Yoga Breathing or Pranayama - A Broad Overview

Submitted by Kevin Pederson on March 10, 2012

Pranayama, the Yoga breathing technique is a very important part of the science of Yoga. It goes arm in arm with asanas or poses. In the Yoga Sutras of Patanjali, asana and pranayama are described as the highest form of purification and self discipline, mentally and physically.


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Pranayama Breathing Techniques

The practices engender physical sensations such as heat, also called the inner fire of purification. Yoga teaches that this heat is part of the purification process of the Nadis. These are subtle nerve channels in the subtle body.

This renders an extremely healthy state to of mind and body.

In Pranayama you concentrate on your breath. Hence, when practising Pranayama it is very important to keep your mind alert. This is because the processes being observed are extremely subtle. In Pranayama, there is no perceptible body movement as in asanas. You will have to sense acutely and feel the movement of the breath within your respiratory tract, for a start - later, throughout your body. The only animated process will be breathing. Patanjali, in his treatise, the Yoga sutras, makes a couple of practical suggestions top help keep your attention on your breath.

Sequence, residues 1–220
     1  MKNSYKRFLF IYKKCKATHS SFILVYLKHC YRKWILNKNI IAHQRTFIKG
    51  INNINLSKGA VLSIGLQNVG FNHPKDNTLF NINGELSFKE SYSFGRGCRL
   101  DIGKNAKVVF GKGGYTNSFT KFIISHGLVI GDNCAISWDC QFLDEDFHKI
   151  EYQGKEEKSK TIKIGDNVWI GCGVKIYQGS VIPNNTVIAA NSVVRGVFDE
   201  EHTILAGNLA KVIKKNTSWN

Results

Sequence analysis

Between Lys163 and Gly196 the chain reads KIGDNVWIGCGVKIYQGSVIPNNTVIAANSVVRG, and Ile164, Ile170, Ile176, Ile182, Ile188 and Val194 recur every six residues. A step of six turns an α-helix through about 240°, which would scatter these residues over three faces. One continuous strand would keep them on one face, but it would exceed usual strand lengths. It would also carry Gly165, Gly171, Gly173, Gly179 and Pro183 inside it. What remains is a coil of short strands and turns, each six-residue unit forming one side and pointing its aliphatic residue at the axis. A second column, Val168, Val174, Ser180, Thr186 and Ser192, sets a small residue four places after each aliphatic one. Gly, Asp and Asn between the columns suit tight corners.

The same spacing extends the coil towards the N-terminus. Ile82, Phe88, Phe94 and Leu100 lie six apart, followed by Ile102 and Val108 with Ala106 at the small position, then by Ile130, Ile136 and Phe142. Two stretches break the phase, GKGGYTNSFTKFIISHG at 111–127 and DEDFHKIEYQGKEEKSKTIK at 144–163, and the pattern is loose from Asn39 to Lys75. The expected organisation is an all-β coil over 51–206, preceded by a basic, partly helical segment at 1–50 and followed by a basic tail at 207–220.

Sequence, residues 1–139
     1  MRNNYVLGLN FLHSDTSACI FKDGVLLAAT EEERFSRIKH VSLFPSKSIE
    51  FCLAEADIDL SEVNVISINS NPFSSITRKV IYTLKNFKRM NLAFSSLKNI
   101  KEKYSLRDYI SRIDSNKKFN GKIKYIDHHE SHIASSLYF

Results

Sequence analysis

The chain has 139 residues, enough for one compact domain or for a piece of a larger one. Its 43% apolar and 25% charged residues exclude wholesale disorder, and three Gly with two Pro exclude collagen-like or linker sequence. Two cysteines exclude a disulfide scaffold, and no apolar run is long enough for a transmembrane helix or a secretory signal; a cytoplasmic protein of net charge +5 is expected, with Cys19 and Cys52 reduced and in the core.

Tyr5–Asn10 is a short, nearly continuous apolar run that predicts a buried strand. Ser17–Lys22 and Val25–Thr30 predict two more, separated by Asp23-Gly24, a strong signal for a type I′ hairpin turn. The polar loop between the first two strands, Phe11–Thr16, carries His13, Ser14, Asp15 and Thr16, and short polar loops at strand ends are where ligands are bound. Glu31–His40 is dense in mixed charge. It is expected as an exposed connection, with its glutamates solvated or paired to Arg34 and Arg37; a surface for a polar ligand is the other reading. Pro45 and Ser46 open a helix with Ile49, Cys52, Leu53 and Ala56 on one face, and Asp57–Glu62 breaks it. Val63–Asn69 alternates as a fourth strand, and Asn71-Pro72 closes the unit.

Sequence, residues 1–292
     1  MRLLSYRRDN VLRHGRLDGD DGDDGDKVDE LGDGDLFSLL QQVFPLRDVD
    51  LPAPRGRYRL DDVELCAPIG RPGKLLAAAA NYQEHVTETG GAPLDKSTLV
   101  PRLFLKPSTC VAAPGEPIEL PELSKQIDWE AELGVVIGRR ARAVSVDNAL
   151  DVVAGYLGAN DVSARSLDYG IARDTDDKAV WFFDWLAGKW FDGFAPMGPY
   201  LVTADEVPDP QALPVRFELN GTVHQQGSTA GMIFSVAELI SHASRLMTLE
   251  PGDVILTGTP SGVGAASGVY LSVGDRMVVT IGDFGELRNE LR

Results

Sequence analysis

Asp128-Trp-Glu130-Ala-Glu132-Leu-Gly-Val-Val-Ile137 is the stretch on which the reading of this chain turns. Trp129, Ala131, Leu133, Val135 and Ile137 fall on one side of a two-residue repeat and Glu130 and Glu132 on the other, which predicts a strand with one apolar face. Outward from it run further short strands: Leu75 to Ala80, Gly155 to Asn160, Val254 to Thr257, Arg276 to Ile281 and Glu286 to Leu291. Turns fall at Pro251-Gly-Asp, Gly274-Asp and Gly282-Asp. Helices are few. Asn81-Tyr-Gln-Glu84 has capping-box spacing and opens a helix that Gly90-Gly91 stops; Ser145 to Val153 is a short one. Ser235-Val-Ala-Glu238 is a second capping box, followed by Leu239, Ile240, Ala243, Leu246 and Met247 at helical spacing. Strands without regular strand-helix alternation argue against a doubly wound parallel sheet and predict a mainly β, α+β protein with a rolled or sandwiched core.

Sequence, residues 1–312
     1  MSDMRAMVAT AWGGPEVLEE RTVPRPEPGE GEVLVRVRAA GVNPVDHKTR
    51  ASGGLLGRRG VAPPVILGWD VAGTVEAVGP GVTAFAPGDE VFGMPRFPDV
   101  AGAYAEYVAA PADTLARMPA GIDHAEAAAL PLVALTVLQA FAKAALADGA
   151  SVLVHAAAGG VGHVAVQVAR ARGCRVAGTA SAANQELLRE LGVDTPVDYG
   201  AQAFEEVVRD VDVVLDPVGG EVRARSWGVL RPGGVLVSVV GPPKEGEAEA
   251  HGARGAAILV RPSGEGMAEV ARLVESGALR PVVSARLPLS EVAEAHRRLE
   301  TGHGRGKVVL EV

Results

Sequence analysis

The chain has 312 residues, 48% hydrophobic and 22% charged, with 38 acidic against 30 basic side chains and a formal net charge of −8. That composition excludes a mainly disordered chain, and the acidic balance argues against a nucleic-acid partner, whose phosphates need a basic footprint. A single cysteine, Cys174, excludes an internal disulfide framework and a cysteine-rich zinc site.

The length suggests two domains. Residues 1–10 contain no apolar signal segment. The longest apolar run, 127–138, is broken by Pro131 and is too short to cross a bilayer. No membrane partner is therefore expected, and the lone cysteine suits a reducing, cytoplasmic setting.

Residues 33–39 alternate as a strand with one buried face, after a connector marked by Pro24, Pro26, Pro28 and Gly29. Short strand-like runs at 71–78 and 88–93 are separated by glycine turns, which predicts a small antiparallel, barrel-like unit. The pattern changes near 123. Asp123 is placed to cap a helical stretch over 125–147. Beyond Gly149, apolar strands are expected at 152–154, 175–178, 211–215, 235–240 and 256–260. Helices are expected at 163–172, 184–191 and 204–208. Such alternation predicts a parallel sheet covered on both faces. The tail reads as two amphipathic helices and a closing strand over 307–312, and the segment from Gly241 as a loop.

For a start, you can concentrate on a part of your body, where you feel or hear your breath. Or else, you could try following the movement of breath in your body. Feel the inhale extend from the center of your collarbone, down through your rib cage to your diaphragm. Then follow your exhalation upwards from your abdomen. Another way to for pay attention to your breath is by feeling where it enters and leaves your body around the region of your nostrils. You can also listen to your breath, particularly if you tend make a b noise by gently tightening your vocal chords. This is a Pranayama techniques called Ujjayi.

Pranayama doesn't aim at bringing the inhale and exhale into some kind of a relationship with each other. Nor does it intend to establish a certain specified length of breath. If these exercises can help you focus on your Breath, it is wonderful. However the ultimate aim of breath ratios in Pranayama is, primarily, to give you as many different options of following your breath as possible. When you follow your breath, your mind will automatically be drawn to your breath. This way Pranayama gets you ready us for the stillness of meditation that is to come.

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